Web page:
Just a short drive in any direction, there are beautiful sights to see, trails to pioneer, and peaks to reach. Of the various summer excursions available to the public, one not-so-often thought of may be the most riveting and challenging for adventure seekers.

Rock climbing in Thurmont is a thriving adventure, offering locals and visitors a chance to test their limits in a fun, new way they may not have done before. Most of the rock climbing in Thurmont and Frederick County stems from beautiful and natural rock formations scattered throughout the region’s national parks.

A few places of interest for climbers and those interested in getting out of their comfort zone include Wolf Rock, a 1.5 mile hike from the Catoctin Mountain Park Visitor Center. It is a place of boulders, crevices, and rock walls. Climbers can free-climb their way up the rock, or explore another climbing method on one of the many different rock faces. Nearby is Chimney Rock, a popular hiking destination and natural rock formation, overlooking a stunning scene of mountains and rolling hills. This semi-strenuous trail begins and ends at the east corner of the paved parking area by the Catoctin Mountain Park Visitor Center. The hike is 3.9 miles round trip and provides stunning views of the mountains from the top of Chimney Rock. Also worth checking out is Sugarloaf Mountain, a small mountain and park about 10 miles south of Frederick.

A rock range in Carderock, Maryland, northwest of Washington D.C. provides rock formations that are vast and offer varying degrees of difficulty, giving beginners an opportunity to learn and veterans a chance to push themselves. There are dozens of challenges to undertake, so a one-day trip may not be enough for avid climbers.

There are two main crags in Carderock: Jungle Cliff and Hades Heights. A crag is just a steep or rugged rock face, and these two have become extremely popular over the years for their accessibility year-round. Top roping these rock formations is the preferred method of climbing, but rappelling is also a commonly used technique in Carderock. There are a few styles of rock climbing that are different and challenging in their own ways, but let’s explore some of the options most beginners to advanced climbers find themselves doing.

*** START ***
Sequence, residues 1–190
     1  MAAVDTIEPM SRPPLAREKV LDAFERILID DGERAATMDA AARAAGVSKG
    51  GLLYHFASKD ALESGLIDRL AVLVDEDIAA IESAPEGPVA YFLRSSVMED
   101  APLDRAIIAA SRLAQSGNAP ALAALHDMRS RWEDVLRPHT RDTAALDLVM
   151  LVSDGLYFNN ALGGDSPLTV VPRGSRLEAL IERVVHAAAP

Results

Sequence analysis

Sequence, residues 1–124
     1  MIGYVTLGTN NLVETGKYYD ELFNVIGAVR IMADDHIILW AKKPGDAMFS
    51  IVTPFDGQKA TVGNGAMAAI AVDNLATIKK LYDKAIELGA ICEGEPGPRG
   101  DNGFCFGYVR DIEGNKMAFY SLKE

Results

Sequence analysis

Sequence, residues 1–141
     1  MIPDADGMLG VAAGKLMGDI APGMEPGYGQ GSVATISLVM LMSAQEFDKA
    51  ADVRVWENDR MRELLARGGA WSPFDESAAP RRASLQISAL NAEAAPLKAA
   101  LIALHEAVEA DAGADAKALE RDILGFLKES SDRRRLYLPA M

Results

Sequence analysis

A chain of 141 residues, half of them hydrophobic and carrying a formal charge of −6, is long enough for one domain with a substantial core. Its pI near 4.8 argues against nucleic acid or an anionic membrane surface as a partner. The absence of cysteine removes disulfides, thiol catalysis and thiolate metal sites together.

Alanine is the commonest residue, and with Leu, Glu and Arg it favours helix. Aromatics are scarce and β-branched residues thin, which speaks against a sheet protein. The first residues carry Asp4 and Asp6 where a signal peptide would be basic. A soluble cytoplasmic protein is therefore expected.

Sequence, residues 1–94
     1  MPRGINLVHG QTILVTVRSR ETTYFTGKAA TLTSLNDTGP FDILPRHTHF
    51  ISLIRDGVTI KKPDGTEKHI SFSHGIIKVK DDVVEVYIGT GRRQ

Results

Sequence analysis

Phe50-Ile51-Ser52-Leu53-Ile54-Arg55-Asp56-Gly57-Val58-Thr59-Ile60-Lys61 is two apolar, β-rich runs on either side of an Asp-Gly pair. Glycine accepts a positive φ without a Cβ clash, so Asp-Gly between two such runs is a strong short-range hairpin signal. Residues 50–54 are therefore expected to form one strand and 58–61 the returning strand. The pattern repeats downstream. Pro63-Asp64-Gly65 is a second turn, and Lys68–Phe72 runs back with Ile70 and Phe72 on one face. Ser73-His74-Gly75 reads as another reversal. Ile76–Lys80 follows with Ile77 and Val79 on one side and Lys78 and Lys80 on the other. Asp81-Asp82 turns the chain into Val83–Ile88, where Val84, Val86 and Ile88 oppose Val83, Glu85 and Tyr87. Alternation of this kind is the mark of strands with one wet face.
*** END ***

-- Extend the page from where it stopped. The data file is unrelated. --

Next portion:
Top Roping

As one of the safest methods of climbing, most beginners find their way into the sport through top roping, which includes a rope and anchor system to protect and prevent climbers from taking a nasty fall. Top roping includes a climber hooked into an anchored rope at the top of the climbing destination, and a belayer at the bottom, which is a person who takes the slack out of the rope secured with carabiners and a belay device to catch the climber should they fall. The person belaying uses a simple-to-follow method to pin and lock the rope while the climber finds hand and foot holds to advance on the route.

Top roping is a fun and popular climbing method, but it’s often limited to indoor rock climbing because placing new anchors can be damaging for rock faces. Utilizing pre-existing and permanent anchors are preferred for this method.


One of the widest performed climbing techniques used is bouldering, which involves free climbing without the use of ropes or harnesses on typically smaller natural or artificial rocks. Bouldering is considered a more dangerous style because of the lack of safety equipment, even if the fall is usually around just 10-15 feet.